The exact technique isn't widely publicized so as to discourage looting, but its turned up a LOT of ruins in the last few years.
romp 20th-Dec-2012 10:18 pm (UTC)
Yeah, I have to justify discarding older books about the Maya but this is why I do it. I understanding there have been big breakthroughs in the writing and some misconceptions about the way the empire crumbled have been discovered. It's definitely not a case of "history doesn't change."
nonnycat 21st-Dec-2012 01:42 am (UTC)
Huh! I hadn't heard about that. That's pretty awesome that they're finding out so much more. Most of what I had read, admittedly, was about the Aztecs, which I think? had a higher surviving body of work.

Since it sounds like this is a topic of interest to you also, do you have books or such you would recommend that talk about the new things they are discovering? :)
fenris_lorsrai 21st-Dec-2012 08:11 pm (UTC)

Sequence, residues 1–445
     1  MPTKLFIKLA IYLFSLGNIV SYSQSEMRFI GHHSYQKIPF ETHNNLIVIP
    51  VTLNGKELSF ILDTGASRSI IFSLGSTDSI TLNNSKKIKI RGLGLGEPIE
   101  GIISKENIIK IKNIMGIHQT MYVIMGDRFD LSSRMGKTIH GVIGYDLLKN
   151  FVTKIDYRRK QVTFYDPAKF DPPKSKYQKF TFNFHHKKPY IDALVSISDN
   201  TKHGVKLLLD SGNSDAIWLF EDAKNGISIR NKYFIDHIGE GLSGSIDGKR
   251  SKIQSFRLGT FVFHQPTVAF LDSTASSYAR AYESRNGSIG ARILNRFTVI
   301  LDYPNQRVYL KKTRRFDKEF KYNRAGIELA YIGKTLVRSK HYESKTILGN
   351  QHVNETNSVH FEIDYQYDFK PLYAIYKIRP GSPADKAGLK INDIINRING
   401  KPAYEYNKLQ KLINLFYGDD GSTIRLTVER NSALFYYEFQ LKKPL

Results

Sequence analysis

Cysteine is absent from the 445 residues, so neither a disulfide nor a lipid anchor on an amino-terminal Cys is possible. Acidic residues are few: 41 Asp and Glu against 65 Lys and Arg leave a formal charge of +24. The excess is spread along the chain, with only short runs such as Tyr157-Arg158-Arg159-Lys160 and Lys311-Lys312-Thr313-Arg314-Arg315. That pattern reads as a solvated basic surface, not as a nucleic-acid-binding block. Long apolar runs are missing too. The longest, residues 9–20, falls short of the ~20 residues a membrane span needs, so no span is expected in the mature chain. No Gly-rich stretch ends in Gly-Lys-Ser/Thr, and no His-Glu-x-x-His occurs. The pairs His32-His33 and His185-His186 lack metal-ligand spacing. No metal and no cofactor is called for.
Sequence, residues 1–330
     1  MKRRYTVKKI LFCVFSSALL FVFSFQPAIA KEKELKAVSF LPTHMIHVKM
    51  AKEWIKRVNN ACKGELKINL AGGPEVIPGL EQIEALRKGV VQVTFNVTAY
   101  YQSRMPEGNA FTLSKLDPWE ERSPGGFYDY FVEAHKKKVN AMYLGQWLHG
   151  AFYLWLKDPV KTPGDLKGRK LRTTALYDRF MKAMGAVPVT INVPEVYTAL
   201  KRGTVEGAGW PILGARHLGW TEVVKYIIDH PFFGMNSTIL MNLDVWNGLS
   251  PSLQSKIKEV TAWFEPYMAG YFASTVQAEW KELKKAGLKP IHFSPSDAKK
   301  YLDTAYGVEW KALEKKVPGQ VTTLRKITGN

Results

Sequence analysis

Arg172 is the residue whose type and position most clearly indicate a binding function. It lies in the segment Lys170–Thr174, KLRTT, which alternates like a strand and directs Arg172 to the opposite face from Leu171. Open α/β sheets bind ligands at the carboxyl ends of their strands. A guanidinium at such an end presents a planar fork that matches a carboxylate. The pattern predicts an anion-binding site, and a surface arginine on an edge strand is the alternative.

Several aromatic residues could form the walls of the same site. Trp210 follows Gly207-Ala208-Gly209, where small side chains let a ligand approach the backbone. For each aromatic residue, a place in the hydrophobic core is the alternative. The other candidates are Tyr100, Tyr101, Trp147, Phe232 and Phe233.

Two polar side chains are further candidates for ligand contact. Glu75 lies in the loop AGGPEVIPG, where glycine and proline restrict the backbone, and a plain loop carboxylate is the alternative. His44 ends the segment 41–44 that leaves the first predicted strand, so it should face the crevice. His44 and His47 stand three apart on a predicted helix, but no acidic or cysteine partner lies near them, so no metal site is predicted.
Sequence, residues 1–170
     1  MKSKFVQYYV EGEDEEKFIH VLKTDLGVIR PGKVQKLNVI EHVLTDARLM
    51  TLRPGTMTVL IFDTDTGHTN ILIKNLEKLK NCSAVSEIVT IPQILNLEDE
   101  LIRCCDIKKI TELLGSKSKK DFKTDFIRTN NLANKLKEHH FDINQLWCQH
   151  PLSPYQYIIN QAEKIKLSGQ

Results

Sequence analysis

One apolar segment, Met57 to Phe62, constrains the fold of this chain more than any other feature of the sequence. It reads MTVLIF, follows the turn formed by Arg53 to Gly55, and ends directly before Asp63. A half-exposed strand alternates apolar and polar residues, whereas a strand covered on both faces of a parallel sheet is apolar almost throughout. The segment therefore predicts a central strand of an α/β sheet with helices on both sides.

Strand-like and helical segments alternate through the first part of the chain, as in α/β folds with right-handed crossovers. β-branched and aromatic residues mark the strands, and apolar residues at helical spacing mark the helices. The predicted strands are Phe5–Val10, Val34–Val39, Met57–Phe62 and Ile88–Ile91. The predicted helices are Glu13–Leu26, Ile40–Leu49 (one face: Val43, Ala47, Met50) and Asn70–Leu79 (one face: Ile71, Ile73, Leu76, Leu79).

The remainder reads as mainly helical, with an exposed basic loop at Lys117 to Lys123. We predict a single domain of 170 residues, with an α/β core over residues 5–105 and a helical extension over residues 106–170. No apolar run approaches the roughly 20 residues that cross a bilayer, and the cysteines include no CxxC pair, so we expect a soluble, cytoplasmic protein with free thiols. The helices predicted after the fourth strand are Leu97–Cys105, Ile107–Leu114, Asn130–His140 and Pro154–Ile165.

Honestly, there's relatively little out in books yet, so the internet is a good option. You can follow ontd_science or natlgeographic which just feeds articles from NatGeo. I think you can set up specific alerts too.

There's several articles under the archaeology tag on ONTD_science that can give you a good jump off point for more specific recent events.

(I know PBS has had some recent stuff as well, but damned if I can figure out correct program name right now...)
lil_insanity 20th-Dec-2012 05:32 pm (UTC)
Yep. My college level history classes also heavily implied that the Aztecs and Mayans were completely wiped out.
squeeful 20th-Dec-2012 09:43 pm (UTC)
Isn't that kind of like saying there are no Italians because Rome fell?
romp 20th-Dec-2012 10:05 pm (UTC)
Now that you mention it... I've read that modern Italian culture owes more to the laid-back Etruscans than the empire-building Romans. The way the English almost fetishized the Greeks and Romans, they may have been disappointed.

God forbid England, and now the US, recognize that empires don't last forever.
magli 20th-Dec-2012 01:39 pm (UTC)
I went to the hairdresser to day and as I was walking out the door she cheerfully went: Merry Christmas! The world is supposed to end tomorrow!

I was like ....err, thanks, same to you...?
celtic_thistle 20th-Dec-2012 11:51 pm (UTC)